Yay, we survived the 10 month check!

I know, I’ve been very quiet on my blog recently. I haven’t given up with it, I’ve just been busy, preoccupied with life so to speak. Easter was wonderful: the boy & I were able to spend some really great (& much-needed) quality time together. And although I was exhausted for the most part, as I’d changed my rota to work in the evenings, I loved the time that we shared during the day. We reconnected, re-bonded even & it was just what we both needed…

The week before the Easter hols, I bumped into one of my elderly neighbours, whom I hadn’t seen for a long time. She saw Benjamin & asked whether I’d gone back to work yet. When I explained that I had & of our (in our eyes) successful childcare arrangements, she laughed as she exclaimed, “oh, so you’re a part time Mum then!” It’s amazing how this short sentence could change my whole perspective on everything. It seemed so negative. I felt awful, physically sick even. I’d never thought of my mummahood in that way; I’d only seen the positives, in that Benjamin gets more social interaction opportunities with other children than I could provide, he learns from different adults & he still gets to spend quality time with Tim & me. And I get to pay the household bills, joy! My neighbour went on to explain how her own daughter home-school’s & wouldn’t dream of leaving her child with anyone, but by that time, I’d zoned-out: contemplating my perceived ‘failings’ as a mother – in her eyes at least. It really got to me, probably more than it should have & made me even more determined to make the best of our Easter ‘break’ together, which we did.

So any way, back to the blog title! Today was the day that one of the local Health Visitors came to our home to do Benjamin’s 10-month assessment. I’d been dreading it if truth be known. We have no worries about his development at all, but knew he couldn’t do some of the things on the checklist & I didn’t want him to ‘fail’ – as no parent does. I was completely honest in my answers, which I think is important: in my previous teaching career, I’d experienced so many parents in complete denial about their children’s capabilities or lack of them, that I wanted his questionnaire to be a true reflection of him at this moment in time. Basically, he has only recently started to stand up unaided; with me during the Easter holidays in fact. He balances beautifully & keeps his whole foot flat. He can’t however, pick things up from standing, nor walk along holding onto furniture, or lower himself gracefully onto the floor (more falling like a sack of spuds!) Yes, he ‘talks’ a lot (to everything & everyone), he has amazing fine motor skills – picking up the tiniest crumb off the floor in a fab pincer grip, & he’ll even rhythmically blow raspberries onto his arm if the mood takes him: which it did of course, whilst the Health Visitor was explaining the dangers of the home. Who knew that ovens could burn, or that hot drinks could scald(?!) Benjamin was just vocalising his Mumma’s exasperated thoughts, I’m sure. Any way, she wasn’t worried about him in any of the other development areas at all. He is happy (unless hungry), healthy, sociable & the fact that he points to things frequently is very advanced for his age & a key language milestone: https://www.adam-mila.com/milestones/language-development/pointing/ I was a proud Mumma as I’ve always said he’s a talker rather than a walker, a bit like me! So she’s going to ‘phone me in a month to see what progress he’s made & go from there. I’m sure he’ll be cruising along (at his consistent 91st centile for height!) by that point, & in my ‘part-time mummahood’ I’ll be working on different strategies to get him walking more. Probably with one of Daddy’s unorthodox methods of using the glass biscuit jar, or the television remote that we gave him: in a true ‘carrot & stick’ approach. Well, the boy needs an incentive & what better than appeal to his two loves: food & technology. He really is a true mix of both of us it seems!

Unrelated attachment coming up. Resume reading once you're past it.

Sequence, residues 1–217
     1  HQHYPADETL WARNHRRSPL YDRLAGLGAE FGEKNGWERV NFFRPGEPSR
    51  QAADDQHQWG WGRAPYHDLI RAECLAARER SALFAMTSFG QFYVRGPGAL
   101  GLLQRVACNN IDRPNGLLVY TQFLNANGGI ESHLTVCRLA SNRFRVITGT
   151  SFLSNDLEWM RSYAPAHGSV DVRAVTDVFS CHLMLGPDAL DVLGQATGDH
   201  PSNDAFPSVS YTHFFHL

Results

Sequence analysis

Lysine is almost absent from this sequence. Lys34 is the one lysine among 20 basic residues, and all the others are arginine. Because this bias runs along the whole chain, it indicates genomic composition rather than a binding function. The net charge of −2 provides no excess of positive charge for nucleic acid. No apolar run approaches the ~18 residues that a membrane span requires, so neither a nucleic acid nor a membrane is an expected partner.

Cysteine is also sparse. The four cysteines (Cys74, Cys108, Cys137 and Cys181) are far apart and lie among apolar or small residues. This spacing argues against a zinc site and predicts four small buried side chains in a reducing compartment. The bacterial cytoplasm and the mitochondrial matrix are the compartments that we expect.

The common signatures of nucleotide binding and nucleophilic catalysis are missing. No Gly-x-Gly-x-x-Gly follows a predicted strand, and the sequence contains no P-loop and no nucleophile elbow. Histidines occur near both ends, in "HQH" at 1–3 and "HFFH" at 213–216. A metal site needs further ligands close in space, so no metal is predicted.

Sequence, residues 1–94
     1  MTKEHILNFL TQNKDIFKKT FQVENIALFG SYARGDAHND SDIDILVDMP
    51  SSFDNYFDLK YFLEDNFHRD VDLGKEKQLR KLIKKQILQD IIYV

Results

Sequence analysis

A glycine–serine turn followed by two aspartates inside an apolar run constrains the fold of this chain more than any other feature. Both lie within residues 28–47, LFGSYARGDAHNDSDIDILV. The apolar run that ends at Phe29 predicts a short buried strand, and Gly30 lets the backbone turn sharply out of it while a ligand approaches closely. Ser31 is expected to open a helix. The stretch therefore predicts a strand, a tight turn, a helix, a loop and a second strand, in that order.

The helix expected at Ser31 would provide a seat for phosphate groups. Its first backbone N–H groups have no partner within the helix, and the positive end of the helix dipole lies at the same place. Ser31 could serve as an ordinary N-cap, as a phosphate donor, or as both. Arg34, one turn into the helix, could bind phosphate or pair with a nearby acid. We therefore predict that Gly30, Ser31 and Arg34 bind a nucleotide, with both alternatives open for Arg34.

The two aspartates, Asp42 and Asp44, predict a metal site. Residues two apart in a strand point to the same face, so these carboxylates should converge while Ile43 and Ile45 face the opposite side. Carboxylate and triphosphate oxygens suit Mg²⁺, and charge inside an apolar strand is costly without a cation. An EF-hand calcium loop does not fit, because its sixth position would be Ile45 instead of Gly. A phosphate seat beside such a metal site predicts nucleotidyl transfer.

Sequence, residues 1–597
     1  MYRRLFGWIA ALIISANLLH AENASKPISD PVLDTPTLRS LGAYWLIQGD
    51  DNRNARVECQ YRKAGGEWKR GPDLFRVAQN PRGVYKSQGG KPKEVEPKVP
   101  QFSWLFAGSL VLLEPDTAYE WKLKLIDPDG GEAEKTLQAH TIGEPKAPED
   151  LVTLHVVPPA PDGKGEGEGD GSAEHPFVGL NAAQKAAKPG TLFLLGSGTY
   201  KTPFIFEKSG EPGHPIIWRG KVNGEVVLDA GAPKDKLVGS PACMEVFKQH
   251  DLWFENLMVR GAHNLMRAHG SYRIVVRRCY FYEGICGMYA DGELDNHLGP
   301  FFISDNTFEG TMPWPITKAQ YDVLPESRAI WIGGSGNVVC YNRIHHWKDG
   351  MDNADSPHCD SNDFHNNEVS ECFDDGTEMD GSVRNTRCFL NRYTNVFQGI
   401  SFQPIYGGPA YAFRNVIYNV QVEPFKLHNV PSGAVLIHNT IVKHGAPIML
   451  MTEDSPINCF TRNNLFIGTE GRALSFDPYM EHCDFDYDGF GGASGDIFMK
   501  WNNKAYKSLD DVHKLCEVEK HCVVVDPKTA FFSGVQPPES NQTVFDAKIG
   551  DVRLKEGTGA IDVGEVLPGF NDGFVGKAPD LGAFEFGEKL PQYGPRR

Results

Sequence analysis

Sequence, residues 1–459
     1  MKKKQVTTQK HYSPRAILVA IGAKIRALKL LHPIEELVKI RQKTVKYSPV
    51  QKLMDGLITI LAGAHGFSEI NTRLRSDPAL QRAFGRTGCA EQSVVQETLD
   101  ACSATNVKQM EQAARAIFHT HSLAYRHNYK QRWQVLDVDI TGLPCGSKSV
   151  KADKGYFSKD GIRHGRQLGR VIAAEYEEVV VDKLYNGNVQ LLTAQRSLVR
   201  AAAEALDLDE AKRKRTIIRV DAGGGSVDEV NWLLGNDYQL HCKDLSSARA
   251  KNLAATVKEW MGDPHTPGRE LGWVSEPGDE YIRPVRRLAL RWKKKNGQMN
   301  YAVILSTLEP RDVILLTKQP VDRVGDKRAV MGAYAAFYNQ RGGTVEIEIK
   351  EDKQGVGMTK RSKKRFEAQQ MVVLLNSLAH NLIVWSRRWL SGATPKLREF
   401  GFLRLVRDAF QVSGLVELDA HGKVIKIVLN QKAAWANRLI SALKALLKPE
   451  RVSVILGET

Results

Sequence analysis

I suppose I need to thank my neighbour really, as her flippant comment made me stop & think. Yes, I guess I’ve come to terms with the fact that I might be a ‘part time’ Mumma during the week (although Tim doesn’t agree with this) but I make sure that I’m properly ‘Mummaing’ when we’re together. I think being a ‘full time Mummy’ is almost a luxury these days, which makes me sad really. I would love to stay at home with him all day, but alas the mortgage needs to be paid! So while he may not have ticked all the gross motor skill tasks on the feared ‘checklist,’ he is however, excelling in communication, language, fine motor skills & social interaction. In our eyes, this is far more important at this stage: provided he’s not still commando crawling when he’s 16 that is! So despite my recent doubting, I guess this means I can’t be all that bad at this whole Mumma thing after all; part time or otherwise. Well maybe. Thank you for reading.

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We did it!
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“I love to point Mumma!”